A lot of North Koreans hand-roll their cigarettes as well. They have their own rolling papers and their own tobacco that they may or may not grow on individual plots of farming land.
What do you mean by certain brands are seen as status symbols?
Before I went to North Korea, the tour operators recommended we bring either high-quality alcohol like Jack Daniels or American cigarettes because both are seen as gifts for the North Korean tour guides. If someone is smoking a non-Chinese foreign cigarette in North Korea, that person typically has higher status in society as they have better access to foreign goods.
Do tourists use these items as bribes to see things that weren’t government-sanctioned?
I wouldn’t call it bribing; I would say it’s more akin to tipping. Also cigarettes are better than alcohol at opening up North Korean tour guides. It’s like, “Here’s a cigarette we both could share.” It opens up a dialogue without the awkwardness at the start. Smokers have this community of, “We’re killing ourselves, but at least we can talk outside of restaurants and bars while killing ourselves.” So one part of it is tipping, but another part is using smoking as a way to talk to North Koreans to get them to open up.
In Europe it really does seem like everyone smokes. Did you feel that way in North Korea, too?
I felt that way in both Koreas — North and South. All of the guys chain-smoke. They drink and chain-smoke. It’s not healthy.
Is it propaganda that 0 percent of North Korean women smoke?
I’ve heard from others that older North Korean women smoke. I’m not sure they smoke openly, but I’ve heard that they will. They can do so because the older you are in Korean culture, the more respected you are — and the more you can get away with. One of the first questions Koreans ask you is how old you are. In the U.S. that’s considered a rude question, but in Korea, it’s important because your age depends on how another person will treat you. Even if you’re one year older than someone else, it changes the way that person interacts with you.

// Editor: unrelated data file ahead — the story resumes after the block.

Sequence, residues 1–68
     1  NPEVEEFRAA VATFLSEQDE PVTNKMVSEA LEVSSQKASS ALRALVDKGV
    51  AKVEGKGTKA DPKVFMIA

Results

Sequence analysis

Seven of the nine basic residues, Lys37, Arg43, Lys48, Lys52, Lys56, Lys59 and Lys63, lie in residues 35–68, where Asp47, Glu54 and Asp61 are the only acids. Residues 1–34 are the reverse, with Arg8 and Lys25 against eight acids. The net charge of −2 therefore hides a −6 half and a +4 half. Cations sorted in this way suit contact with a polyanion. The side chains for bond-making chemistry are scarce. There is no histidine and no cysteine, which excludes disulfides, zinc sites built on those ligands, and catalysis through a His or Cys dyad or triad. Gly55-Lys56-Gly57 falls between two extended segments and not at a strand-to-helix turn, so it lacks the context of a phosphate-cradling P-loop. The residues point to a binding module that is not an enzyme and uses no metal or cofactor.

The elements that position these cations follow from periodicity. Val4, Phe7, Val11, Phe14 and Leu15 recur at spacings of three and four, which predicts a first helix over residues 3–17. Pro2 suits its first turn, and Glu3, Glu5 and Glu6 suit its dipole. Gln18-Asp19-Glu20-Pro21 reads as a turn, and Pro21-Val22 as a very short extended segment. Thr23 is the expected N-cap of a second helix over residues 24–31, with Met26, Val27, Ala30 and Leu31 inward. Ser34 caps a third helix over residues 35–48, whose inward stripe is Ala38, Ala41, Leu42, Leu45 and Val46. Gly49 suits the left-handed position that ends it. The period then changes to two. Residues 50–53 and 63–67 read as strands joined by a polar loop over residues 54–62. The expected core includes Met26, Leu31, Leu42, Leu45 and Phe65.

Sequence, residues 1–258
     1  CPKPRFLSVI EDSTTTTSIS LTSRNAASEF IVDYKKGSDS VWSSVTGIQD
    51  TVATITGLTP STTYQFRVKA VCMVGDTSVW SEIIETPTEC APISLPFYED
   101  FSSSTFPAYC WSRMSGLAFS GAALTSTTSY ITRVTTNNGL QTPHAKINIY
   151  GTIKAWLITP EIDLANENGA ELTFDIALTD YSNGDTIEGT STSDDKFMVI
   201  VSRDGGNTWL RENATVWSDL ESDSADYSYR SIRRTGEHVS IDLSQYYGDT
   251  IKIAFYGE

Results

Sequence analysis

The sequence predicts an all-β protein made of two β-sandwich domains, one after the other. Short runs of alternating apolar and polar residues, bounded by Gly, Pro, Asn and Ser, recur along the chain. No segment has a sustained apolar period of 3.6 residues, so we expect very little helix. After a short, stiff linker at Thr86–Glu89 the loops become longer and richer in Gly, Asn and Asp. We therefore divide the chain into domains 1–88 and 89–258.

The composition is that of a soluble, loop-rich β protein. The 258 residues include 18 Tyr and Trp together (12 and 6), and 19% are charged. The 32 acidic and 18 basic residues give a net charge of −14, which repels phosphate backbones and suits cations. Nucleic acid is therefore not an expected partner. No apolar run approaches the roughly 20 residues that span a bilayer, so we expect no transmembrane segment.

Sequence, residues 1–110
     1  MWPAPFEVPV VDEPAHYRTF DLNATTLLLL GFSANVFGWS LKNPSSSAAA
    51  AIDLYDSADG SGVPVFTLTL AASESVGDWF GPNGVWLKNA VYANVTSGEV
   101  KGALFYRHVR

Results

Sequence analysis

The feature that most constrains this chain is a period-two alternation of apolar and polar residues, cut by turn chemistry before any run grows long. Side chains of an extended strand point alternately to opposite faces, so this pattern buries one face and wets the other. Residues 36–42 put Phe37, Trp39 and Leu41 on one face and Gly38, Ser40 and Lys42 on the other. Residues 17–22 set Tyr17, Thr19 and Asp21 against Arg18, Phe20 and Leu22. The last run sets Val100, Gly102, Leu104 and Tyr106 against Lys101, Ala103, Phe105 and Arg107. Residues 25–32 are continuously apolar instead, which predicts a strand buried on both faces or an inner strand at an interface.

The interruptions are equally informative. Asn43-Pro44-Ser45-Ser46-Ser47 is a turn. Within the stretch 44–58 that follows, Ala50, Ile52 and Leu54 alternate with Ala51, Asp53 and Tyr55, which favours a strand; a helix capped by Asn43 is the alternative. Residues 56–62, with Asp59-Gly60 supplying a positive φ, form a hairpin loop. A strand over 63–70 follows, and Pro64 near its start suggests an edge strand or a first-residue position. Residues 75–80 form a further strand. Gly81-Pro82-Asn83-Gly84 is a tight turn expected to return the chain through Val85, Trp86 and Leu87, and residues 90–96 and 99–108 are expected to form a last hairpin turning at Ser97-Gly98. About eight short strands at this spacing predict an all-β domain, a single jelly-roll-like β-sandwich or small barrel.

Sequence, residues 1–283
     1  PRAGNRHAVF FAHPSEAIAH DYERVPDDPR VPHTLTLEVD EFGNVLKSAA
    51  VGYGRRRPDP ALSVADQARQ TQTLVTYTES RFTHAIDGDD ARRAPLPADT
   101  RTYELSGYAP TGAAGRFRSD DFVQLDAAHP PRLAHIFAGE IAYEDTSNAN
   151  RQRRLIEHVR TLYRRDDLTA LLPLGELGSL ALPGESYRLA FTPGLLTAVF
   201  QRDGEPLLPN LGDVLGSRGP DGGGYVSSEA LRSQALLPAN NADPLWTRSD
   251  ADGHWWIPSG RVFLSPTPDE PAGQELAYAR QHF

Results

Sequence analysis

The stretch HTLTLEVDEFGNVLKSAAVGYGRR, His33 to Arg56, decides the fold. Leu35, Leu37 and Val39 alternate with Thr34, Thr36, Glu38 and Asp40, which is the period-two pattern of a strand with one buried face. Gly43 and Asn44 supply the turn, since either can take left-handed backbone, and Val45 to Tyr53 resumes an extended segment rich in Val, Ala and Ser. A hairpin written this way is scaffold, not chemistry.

That still leaves a huge gender gap in smokers, though — 50-some percent of North Korean men to just a few older Korean women who do it in secret or private. Why do you think such a big statistical gap exists?
A lot of it probably is due to the fact that North Korean and South Korean males have compulsory military service. In North Korea, the mandatory military service is 10 years; in South Korea, it’s two and a half years. And when these guys leave the military, they’re chain-smokers. So it becomes hard to quit.
Why does the North Korean government believe that the one thing that will get men to quit is by having women shame them?
In North Korean mythology, revolutionary mothers hold an influential role. For example, Kim Jong-il’s mother, Kim Jong-suk, has a big role in North Korean propaganda. She’s a revolutionary, anti-imperialist mother who helped fight off the Japanese. These PSAs are kind of along the same lines — these North Korean women are being motherly and scolding men in that way.
How much of an influence is the Kim family’s affinity for smoking — especially Kim Jong-un’s need for a smoke at all times — on the rest of the North Korean people?
It’s huge. On the one hand, you have these PSA things about smoking. On the other, you have your obese man-child leader who is basically a chain-smoker. You always see him with a cigarette in his hand. North Koreans must think to themselves, Why should I listen to the anti-smoking campaign when the Great Leader is smoking?
If he’s still puffing away, why start a nationwide initiative to get everyone else to quit now?
This isn’t the first time these PSAs have come out. I think Kim Jong-il labeled smoking as one of the three great ills of the 21st century. As with most everything in North Korea, it might have to do with internal politics or issues that we’re not aware of outside the country.
So it could be something as simple as Kim Jong-un’s mom or wife wanting him to quit smoking?
That’s as good a guess as any. With North Korea, you never know. At best, it’s all just informed speculation.